Inflammation is one of the most common and widespread issues in the body, which is the body’s response to an immune reaction. A large majority of common illnesses and health conditions have been linked to inflammation, such as arthritis, irritable bowel syndrome, and an increased risk of cancer. While there are numerous anti-inflammatory medications and home remedies, many people are turning to herbal medicine as a natural alternative. Rosemary has become a popular choice for its diverse health benefits, including reducing inflammation.
Rosemary is a member of the mint family Lamiaceae, along with lavender, basil, and thyme. Not only does it help add flavor to recipes, but it’s also a good source of iron, calcium, and vitamin B-6. In fact, the use of rosemary dates back to 500 b.c. when it was used as both a culinary and medicinal herb by the ancient Greeks and Romans. Hailed for its medicinal properties, rosemary was traditionally used to help mitigate muscle pain, improve memory, boost immune and circulatory systems, and promote hair growth.
Laboratory studies have shown rosemary to be rich in antioxidants and anti-inflammatory compounds. While the antioxidants help neutralize free radicals, the compounds help boost the immune system and improve blood circulation. The key to rosemary’s anti-inflammatory properties is carnosic acid. Research has shown that it reduces the levels of nitric acid in the body, which is a natural inflammation trigger.
Presently, there is a multitude of research supporting the wide range of health benefits of rosemary. In Europe, rosemary is often used to help treat indigestion. In fact, rosemary is listed as an approved indigestion treatment by the German Commission E, the scientific advisory board of the Federal Institute for Drugs and Medical Devices.
Similarly, there has been research supporting that rosemary may be useful in helping prevent the growth of cancer cells. Research published in Oncology Reports found that “crude ethanolic rosemary extract (RO) slowed the spread of human leukemia and breast carcinoma cells.” Additionally, researchers concluded rosemary may be useful not only for its anti-inflammatory effects but also as an anti-tumor agent, as published in Bioscience, Biotechnology, and Biochemistry.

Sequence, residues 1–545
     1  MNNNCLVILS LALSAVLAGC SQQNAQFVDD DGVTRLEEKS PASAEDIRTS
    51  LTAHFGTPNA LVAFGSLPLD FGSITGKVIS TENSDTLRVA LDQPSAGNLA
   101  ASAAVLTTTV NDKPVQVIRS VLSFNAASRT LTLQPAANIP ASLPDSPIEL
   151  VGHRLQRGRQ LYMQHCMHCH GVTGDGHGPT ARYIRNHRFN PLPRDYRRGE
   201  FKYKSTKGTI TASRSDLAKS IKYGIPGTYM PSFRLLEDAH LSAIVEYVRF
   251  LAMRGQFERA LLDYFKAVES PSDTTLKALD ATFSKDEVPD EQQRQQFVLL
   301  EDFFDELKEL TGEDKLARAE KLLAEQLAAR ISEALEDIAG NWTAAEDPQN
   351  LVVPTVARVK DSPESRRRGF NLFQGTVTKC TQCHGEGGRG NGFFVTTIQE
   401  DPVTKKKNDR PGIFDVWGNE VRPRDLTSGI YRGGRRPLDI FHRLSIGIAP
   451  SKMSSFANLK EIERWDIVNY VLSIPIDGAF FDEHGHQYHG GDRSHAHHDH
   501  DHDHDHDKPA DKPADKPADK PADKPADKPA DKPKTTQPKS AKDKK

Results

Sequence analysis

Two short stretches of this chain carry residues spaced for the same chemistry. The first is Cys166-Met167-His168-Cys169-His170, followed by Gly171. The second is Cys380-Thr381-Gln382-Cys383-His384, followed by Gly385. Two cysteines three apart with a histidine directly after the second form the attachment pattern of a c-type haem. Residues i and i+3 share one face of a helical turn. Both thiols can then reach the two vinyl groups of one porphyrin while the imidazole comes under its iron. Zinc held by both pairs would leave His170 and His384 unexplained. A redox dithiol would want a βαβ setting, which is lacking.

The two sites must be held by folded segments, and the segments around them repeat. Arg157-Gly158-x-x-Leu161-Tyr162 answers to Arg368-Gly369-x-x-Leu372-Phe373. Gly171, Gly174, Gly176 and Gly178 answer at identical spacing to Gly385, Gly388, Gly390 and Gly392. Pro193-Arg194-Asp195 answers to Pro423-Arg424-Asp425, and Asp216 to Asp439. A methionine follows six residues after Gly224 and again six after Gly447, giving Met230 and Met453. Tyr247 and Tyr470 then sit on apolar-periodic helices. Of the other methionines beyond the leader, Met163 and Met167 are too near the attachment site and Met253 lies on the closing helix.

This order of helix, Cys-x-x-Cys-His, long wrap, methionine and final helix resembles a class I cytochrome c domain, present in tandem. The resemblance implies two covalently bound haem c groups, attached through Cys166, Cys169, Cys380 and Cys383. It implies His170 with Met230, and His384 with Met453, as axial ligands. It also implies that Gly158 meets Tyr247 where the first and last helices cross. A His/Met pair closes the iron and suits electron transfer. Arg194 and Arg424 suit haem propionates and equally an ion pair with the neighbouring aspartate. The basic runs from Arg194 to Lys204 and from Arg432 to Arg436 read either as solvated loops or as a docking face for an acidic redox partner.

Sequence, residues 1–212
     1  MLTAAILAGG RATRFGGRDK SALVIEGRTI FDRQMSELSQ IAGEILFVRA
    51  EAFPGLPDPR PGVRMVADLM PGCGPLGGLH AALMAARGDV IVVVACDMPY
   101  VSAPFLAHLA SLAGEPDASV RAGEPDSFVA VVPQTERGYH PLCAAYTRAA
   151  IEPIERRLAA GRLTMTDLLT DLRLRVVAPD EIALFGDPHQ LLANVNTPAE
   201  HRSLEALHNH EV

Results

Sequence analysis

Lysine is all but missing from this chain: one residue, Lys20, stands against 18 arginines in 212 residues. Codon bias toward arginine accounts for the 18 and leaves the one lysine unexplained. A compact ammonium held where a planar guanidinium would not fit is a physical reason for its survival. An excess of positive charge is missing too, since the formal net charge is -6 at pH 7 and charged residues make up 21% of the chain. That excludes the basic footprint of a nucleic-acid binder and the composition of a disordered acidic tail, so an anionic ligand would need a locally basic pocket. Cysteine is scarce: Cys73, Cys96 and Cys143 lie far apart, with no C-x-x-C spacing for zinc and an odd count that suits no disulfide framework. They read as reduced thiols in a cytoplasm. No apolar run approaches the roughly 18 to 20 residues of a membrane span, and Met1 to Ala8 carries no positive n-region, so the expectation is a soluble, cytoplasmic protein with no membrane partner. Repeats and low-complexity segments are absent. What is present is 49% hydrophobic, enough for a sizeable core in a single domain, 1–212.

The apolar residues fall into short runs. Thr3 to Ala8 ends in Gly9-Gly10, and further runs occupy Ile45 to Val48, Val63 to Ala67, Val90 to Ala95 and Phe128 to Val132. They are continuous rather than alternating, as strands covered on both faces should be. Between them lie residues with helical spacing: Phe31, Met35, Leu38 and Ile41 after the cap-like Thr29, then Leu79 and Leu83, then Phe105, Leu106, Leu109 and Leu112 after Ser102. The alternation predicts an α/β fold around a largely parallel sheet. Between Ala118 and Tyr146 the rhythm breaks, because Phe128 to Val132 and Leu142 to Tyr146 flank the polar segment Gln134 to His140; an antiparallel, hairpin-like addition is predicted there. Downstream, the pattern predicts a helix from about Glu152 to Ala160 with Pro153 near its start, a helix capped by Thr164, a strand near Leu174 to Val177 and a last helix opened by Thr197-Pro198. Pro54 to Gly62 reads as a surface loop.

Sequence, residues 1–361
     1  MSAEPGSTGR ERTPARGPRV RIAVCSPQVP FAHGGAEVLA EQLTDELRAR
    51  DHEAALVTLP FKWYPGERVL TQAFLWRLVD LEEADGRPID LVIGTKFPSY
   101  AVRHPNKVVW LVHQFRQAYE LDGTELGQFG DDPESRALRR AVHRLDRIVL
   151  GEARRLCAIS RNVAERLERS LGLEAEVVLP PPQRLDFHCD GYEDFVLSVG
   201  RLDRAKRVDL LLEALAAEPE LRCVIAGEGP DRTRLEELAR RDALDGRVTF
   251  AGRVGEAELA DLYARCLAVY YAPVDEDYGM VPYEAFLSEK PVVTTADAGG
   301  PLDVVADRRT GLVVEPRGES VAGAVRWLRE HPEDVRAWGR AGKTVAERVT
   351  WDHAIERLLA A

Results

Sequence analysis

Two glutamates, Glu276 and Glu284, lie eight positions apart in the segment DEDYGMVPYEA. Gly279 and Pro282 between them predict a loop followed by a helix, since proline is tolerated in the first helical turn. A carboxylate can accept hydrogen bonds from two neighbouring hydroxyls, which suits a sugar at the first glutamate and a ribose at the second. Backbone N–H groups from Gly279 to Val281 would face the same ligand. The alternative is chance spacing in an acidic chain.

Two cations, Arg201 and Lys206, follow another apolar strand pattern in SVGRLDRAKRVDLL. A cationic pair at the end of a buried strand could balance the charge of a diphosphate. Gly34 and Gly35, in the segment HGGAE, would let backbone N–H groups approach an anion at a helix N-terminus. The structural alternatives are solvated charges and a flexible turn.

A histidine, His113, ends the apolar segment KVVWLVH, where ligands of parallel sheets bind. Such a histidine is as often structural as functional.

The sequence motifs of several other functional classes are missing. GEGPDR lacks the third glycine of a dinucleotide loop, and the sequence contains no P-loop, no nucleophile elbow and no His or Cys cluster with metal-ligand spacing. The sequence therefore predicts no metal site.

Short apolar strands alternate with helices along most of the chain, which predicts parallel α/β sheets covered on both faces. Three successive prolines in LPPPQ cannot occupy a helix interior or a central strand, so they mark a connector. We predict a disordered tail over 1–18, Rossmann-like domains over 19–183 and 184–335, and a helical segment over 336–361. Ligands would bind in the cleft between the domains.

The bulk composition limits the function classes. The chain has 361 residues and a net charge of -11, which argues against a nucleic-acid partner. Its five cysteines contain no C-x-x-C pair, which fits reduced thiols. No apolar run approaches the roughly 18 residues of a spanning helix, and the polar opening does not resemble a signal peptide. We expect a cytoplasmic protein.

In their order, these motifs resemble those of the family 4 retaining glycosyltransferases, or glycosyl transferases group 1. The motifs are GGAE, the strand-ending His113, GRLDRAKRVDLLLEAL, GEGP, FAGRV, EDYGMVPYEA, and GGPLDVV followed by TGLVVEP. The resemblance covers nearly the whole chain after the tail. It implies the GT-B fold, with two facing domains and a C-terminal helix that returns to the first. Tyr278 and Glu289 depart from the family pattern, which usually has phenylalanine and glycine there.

Alternatively, there are long term benefits to including rosemary in your daily diet, especially for your brain. Studies have shown that rosemary may significantly helpprevent brain aging. Similarly, the aroma of rosemary has been shown to improve a person’s concentration, performance, speed, accuracy, and even their mood, according to research published in Therapeutic Advances in Psychopharmacology. Additionally, rosemary appears to help protect against brain damage and might improve recovery.
However, if you’re struggling to incorporate rosemary into your diet, it has a multitude of uses. Rosemary can be used as a seasoning in a variety of dishes, such as soup, casserole, salad, and stew. Use rosemary with chicken and other poultry, game, lamb, pork, steaks, and fish, especially oily fish. It pairs well with grains, mushrooms, onions, peas, potatoes, and spinach. Rosemary can also be infused with butter or olive oil to add a subtle flavor to your cooking. Regardless, however, rosemary is a wonderful herb to be used for tea, as shown in the recipe below.
Rosemary tea recipe
- 1 teaspoon rosemary (either dried, fresh, or powdered)
- 1 cup water (filtered)
- 1 teaspoon honey or sugar (optional)
- Bring the water to a boil in a small pot and then reduce heat.
- Add the rosemary herb to the water and allow to steep for 5 to 6 minutes.
- Once done, switch off the stove and allow to cool. Then strain the tea into a teacup. If you want to add a sweetener, add a teaspoon of honey or sugar as per your preference.
Rosemary is a wonderful herb to include in your daily diet for its various health benefits. Whether you’re looking to enjoy it’s anti-inflammatory properties or improve your digestion, you can relish all of its benefits by including rosemary into your diet a few times a week.